A friend of our ministry had her first experience welcoming a refugee family at the airport. It’s cool to feel her excitement! Another #NearFrontiersTREK. Read on!
“Yesterday I had one of the most meaningful and moving evenings ever. Some friends and I are part of a “Welcome Team” at our church that has begun to welcome people who have lost everything and are coming to LA to start their lives over. “Our” first family arrived last night. They are Kurdish refugees from northern Syria. We had to wait about three hours after the plane landed as they went through customs. Some of our group members had made a sign with their names on it in English and Arabic. When the family came up the ramp from the customs area, bewildered and exhausted, they saw the sign. They were confused and stunned. We had brought some flowers for the mom and little toiletry bags for all of them, and gifts for the kids (five of them, ages 15 to 5).
“It was incredible. They were so thankful to be greeted warmly. Some in our group speak Arabic, and the mother kept telling them, “I was so afraid, I was so afraid of what we would find when the plane landed.”
“They do not have an easy life ahead of them. They are receiving limited assistance from a non-profit organization for 90 days. They will receive government assistance for a limited time as well. Our goal is to help them attain independence as quickly as possible – help them find jobs, enroll their kids in school, figure out public transportation, get library cards, things like that. We also hope to become friends by sharing meals, going to parks together, and exploring their new home in Los Angeles with them.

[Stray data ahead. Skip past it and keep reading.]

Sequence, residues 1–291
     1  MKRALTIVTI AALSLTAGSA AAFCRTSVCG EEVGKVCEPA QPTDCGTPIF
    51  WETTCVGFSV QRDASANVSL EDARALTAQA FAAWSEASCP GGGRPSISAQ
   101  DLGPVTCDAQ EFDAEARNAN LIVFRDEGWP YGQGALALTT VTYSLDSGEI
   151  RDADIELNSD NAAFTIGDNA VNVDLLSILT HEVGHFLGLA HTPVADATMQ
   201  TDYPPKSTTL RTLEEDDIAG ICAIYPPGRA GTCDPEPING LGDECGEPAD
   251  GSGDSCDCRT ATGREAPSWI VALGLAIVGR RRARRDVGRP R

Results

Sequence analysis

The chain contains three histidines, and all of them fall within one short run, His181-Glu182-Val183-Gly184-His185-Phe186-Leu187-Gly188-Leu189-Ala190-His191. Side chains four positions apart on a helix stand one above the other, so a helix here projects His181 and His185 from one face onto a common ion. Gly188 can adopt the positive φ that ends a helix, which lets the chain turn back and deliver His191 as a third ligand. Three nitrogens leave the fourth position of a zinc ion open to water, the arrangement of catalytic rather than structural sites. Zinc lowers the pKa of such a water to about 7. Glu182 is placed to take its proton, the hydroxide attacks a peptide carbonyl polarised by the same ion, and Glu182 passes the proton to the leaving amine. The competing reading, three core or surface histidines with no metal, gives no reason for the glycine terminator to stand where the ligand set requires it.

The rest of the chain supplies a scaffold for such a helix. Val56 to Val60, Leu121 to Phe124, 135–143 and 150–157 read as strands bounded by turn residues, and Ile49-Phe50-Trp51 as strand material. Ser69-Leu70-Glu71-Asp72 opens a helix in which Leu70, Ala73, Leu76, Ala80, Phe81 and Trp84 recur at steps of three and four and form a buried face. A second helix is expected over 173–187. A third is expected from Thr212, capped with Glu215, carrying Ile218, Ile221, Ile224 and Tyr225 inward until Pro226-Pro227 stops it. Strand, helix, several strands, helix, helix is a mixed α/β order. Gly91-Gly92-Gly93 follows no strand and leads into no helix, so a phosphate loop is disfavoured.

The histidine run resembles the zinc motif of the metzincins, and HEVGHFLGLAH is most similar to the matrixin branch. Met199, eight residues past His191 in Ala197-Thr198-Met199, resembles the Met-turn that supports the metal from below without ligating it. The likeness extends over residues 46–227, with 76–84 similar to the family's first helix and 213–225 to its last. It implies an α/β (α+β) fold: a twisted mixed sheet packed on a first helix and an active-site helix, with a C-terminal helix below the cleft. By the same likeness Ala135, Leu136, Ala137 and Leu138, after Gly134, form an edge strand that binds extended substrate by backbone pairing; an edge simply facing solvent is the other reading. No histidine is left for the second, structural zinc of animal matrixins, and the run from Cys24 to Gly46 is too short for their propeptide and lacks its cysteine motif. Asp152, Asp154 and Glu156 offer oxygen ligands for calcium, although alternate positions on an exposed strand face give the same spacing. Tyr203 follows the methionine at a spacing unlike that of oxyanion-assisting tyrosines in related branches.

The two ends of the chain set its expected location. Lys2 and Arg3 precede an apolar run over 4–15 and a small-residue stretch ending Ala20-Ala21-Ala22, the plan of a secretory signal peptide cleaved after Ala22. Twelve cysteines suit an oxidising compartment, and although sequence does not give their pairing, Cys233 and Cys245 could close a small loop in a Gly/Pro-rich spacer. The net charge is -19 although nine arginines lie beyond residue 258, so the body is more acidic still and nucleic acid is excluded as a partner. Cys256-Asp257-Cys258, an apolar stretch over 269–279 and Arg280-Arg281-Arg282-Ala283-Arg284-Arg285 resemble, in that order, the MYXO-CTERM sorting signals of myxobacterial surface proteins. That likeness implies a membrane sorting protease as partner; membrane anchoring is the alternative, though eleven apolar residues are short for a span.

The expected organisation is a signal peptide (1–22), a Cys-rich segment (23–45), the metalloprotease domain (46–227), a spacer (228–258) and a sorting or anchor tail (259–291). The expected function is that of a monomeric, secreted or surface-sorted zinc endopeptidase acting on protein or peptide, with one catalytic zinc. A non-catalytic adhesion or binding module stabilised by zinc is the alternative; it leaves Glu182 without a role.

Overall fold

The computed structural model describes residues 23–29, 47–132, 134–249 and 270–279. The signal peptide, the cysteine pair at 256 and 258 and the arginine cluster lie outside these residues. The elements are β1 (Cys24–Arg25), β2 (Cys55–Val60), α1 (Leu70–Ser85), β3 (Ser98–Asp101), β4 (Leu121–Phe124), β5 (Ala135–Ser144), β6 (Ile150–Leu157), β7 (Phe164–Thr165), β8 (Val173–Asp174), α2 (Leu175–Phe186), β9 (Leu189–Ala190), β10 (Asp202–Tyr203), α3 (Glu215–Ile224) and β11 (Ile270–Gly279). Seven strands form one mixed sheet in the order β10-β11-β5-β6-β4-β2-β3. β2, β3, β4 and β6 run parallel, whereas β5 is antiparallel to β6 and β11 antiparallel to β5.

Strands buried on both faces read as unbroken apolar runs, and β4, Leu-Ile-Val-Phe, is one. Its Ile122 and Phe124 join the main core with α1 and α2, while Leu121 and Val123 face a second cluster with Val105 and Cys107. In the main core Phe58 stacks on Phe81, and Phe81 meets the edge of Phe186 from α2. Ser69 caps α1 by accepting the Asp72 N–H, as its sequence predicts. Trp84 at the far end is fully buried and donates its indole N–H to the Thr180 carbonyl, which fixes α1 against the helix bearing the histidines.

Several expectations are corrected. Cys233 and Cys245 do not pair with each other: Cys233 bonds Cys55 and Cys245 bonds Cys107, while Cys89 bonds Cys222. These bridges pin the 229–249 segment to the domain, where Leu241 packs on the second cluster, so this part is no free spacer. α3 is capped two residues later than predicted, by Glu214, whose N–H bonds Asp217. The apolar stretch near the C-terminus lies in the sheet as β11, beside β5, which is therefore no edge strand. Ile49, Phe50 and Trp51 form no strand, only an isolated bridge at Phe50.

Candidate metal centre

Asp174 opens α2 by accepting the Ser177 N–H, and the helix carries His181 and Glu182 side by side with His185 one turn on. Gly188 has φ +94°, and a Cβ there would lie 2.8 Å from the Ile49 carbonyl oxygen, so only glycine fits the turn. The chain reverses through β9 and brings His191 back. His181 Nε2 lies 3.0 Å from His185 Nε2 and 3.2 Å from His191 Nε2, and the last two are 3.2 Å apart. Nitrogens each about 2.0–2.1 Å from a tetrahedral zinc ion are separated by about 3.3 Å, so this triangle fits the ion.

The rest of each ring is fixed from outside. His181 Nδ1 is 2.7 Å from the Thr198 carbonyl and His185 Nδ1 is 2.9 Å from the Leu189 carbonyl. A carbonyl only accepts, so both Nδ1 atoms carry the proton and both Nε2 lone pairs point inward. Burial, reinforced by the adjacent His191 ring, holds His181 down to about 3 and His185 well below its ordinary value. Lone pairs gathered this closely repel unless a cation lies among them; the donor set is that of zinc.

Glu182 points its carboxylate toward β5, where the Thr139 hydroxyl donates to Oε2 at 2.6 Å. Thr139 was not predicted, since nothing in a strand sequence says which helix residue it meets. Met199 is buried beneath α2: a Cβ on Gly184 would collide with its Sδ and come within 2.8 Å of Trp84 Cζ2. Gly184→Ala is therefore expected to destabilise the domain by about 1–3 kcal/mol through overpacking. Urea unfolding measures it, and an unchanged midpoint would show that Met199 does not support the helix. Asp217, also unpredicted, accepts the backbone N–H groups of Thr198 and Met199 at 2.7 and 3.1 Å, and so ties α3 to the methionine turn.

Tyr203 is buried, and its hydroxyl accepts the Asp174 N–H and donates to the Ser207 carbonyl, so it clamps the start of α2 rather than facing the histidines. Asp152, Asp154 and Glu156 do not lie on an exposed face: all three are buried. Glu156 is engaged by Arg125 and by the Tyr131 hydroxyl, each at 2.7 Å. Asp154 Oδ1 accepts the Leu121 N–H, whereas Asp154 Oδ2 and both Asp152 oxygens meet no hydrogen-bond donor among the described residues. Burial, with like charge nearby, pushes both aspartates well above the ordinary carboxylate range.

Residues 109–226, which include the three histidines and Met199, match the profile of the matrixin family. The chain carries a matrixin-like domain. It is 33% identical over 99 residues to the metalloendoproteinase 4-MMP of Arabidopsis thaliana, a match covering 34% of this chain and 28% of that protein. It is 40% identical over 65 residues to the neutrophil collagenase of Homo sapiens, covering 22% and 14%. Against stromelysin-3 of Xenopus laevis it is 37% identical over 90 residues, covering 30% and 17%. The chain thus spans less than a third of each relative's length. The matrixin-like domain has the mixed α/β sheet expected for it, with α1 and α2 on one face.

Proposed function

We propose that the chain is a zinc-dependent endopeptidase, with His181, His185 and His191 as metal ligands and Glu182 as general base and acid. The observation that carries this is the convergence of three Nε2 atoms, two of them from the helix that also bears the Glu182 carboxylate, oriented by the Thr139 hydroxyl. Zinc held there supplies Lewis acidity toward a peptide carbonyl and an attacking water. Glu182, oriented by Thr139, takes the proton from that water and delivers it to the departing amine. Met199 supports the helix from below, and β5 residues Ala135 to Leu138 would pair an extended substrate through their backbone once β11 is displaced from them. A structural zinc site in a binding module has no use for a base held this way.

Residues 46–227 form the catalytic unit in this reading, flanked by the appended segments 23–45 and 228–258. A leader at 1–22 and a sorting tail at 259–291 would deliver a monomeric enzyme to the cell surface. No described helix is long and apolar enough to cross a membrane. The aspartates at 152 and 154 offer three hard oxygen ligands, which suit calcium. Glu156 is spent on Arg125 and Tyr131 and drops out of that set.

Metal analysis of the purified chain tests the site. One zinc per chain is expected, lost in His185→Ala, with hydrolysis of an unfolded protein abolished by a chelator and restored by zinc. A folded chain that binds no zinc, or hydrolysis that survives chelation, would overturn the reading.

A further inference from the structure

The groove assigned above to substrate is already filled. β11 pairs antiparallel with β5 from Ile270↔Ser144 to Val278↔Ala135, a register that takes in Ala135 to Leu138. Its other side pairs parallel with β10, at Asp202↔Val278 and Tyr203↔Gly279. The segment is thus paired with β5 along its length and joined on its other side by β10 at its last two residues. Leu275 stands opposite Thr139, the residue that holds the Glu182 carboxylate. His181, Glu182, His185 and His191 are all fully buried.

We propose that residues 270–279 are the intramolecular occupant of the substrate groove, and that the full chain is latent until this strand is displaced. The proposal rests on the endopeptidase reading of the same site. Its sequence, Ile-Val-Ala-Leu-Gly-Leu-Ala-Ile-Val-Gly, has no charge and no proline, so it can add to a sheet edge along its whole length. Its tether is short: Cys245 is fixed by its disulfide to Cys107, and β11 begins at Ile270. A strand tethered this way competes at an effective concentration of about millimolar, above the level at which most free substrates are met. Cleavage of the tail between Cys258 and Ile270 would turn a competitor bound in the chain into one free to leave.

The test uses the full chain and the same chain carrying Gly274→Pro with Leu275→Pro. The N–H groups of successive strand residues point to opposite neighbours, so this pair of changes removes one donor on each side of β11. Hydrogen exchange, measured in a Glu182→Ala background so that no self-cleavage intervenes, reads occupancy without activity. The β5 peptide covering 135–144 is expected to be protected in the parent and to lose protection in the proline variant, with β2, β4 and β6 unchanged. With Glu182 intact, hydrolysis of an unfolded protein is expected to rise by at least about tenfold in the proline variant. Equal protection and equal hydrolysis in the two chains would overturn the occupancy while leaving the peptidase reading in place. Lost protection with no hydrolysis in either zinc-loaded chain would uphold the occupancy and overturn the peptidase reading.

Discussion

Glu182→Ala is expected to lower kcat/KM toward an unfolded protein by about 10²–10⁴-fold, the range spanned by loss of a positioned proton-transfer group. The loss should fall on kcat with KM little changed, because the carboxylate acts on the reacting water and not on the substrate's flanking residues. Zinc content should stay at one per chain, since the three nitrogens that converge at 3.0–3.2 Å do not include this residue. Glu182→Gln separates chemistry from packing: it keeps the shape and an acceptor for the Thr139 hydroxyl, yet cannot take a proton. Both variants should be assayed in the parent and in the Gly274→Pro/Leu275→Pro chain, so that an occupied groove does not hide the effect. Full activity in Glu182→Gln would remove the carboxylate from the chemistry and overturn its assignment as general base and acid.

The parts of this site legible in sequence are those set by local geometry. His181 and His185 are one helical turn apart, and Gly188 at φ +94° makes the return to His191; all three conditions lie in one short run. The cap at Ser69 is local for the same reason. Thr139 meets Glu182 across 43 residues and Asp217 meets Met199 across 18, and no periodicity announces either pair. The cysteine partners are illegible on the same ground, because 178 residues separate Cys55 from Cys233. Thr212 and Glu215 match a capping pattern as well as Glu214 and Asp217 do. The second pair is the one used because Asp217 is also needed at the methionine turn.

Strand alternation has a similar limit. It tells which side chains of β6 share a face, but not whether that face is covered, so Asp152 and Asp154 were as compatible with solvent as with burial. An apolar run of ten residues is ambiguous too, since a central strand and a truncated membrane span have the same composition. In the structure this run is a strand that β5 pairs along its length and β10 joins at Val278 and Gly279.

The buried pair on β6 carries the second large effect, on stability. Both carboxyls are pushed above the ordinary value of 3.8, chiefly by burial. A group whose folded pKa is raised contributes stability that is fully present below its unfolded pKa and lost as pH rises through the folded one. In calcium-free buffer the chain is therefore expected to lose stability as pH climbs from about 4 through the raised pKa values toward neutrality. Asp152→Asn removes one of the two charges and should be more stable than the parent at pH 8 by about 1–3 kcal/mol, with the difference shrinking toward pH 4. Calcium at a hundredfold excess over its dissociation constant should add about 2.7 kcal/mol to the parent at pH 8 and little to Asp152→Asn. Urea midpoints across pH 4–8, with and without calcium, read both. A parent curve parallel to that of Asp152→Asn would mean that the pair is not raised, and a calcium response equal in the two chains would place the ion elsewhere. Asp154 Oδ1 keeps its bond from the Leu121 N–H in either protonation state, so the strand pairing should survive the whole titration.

“It is so hard to describe the beautiful connections and the hope that were created right there in the airport. I cannot imagine the losses they have experienced, nor the overwhelming task of starting over in a completely foreign country. They were in a refugee camp for three years, I think, as they went through the screening process to enter the US. One of the teen boys had shaved a star into his hair — for the USA, like the American flag, he explained.
“I understand that not all of my friends think that the US should welcome refugees. I also understand that there are many Americans who need help too. But I am so grateful that I got to be part of such a profound act of love and grace. Tweet This We got to live out the words on the Statue of Liberty, and it was amazing.
There may be organizations in your area who assist with refugee resettlement. Check out: www.WorldRelief.org, www.rescue.org, www.usccb.org,